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Petition for Writ of Certiorari to Review Quasi-Judicial Action: Agencies, Boards, and Commissions of Local Government: ZONING – Site Plan Application – competent substantial evidence supported City Commission’s decision to deny site plan based on its finding that the proposed crematoria would be incompatible with the surrounding neighborhood - Petition denied.  SCI Funeral Services of Florida, Inc.  v. City of Largo, Appeal No. 06-0081AP-88B (Fla. 6th Cir. App. Ct. January 15, 2008).

 

 

IN THE CIRCUIT COURT FOR THE SIXTH JUDICIAL CIRCUIT

IN AND FOR PINELLAS COUNTY, FLORIDA

APPELLATE DIVISION

 

 

SCI FUNERAL SERVICES OF FLORIDA, INC.,

d/b/a SERENITY GARDENS MEMORIAL PARK,

                        Petitioner,

 

vs.                                                                                                Appeal No.06-0081AP-88B

                                                                                                    UCN522006AP000081XXXXCV

 

CITY OF LARGO, a Florida

municipal corporation,

                        Respondent.

__________________________________________/

 

ORDER DENYING PETITION FOR WRIT OF CERTIORARI

 

            THIS CAUSE came before the Court on the Petition for Writ of Certiorari, the Response, and the Reply.  The Citizens in Opposition to Crematorium was permitted to intervene and filed its Brief of Amicus Curiae in Support of Respondent.  Upon consideration of all the briefs, the record and being otherwise fully advised, the Court finds that the Petition must be denied as set forth below.

The record shows that in March 2005 the Petitioner, SCI Funeral Services of Florida, d/b/a Serenity Gardens Memorial Park (SCI), submitted a site plan application to the City of Largo (City), for the construction of a central care facility, or crematory, on an undeveloped portion of Serenity Gardens Memorial Park, a cemetery comprised of 35 acres.  The proposed crematory would be 13,177 square feet, 23 feet tall, utilize three burners, and have area for processing and fleet storage.  The cemetery upon which the crematory would be built is designated as “institutional” and a crematory is expressly permitted by the City’s Comprehensive Development Code (Code).  Surrounding the cemetery, the property to the north is a retirement facility, the property to the south is residential, and the property to the west is a church.  The property to the east is vacant and owned by the Pinellas County School District, which anticipates developing the vacant parcel into a school at some point in the future.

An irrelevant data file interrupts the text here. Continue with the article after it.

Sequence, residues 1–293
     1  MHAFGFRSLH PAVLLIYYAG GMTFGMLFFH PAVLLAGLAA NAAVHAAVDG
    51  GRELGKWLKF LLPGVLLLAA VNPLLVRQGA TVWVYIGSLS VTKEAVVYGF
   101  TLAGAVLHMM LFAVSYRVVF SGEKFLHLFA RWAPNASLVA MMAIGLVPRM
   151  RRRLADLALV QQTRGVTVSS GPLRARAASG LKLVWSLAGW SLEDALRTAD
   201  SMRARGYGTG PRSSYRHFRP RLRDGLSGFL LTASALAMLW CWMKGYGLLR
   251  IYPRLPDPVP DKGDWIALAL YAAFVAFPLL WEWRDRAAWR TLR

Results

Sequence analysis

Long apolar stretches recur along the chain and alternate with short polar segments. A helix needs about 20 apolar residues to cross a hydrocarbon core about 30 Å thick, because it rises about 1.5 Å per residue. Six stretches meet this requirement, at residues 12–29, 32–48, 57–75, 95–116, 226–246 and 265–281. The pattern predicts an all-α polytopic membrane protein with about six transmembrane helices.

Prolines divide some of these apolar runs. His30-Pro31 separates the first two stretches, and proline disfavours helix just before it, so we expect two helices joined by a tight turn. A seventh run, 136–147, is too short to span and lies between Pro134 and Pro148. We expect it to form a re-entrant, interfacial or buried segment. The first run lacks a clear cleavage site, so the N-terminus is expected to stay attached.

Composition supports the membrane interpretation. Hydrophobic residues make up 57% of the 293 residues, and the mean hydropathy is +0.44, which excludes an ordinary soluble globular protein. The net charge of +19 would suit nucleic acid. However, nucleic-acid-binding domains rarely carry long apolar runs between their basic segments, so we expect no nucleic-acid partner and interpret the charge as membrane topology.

While the City’s Code only requires one neighborhood compatibility meeting, SCI met with neighboring property owners twice, on June 21, 2005, and again on July 6, 2005.  Due to concerns from the property owners, SCI was required to submit its development application to the Planning Board and the City Commission for approval before a Development Order could be issued.[1]  As set forth in a memo to the Planning Board, dated August 31, 2006, prepared by Jamal Block, Planner, and Robert E. Jarzen, Planning Manager, the Community Development Director, Assistant Community Development Director, and Planning Manager all recommended approval of the project, finding the proposed use to be consistent with the City’s Code.  The City’s staff also determined that the project was compatible with the surrounding area.  After a hearing on the matter, on September 7, 2006, the Planning Board voted, three to two, against a recommendation of approval to the City Commission.  The Planning Board considered six Code criteria and a majority determined that the project would be incompatible with adjacent land use and would result in negative economic, social, and environmental impacts to the City.

            In a memo to the City Commission, dated September 29, 2006, and prepared by Michael J. Staffopoulos, Community Development Director, and Robert E. Jarzen, Planning Manager, it was reiterated that the proposed crematory was approved by the City’s staff and was found to be compatible with the surrounding area in compliance with the City’s Code.  The matter came before the City Commission on October 3, 2006.  During the lengthy hearing, the City Commission admitted several documents into evidence and heard the testimony of several experts, including the City’s own staff, as well as the testimony from several neighboring property owners.  At the conclusion of the hearing, the City Commission decided, in a five to one vote, to deny SCI’s application finding that it did not meet Code criteria.  The transcript shows that the reasons cited for the denial were that the “development will result in an incompatible land use with the neighborhood, will result in negative environmental impact and will result in diminished air quality for the city.”  A written order was not entered.[2]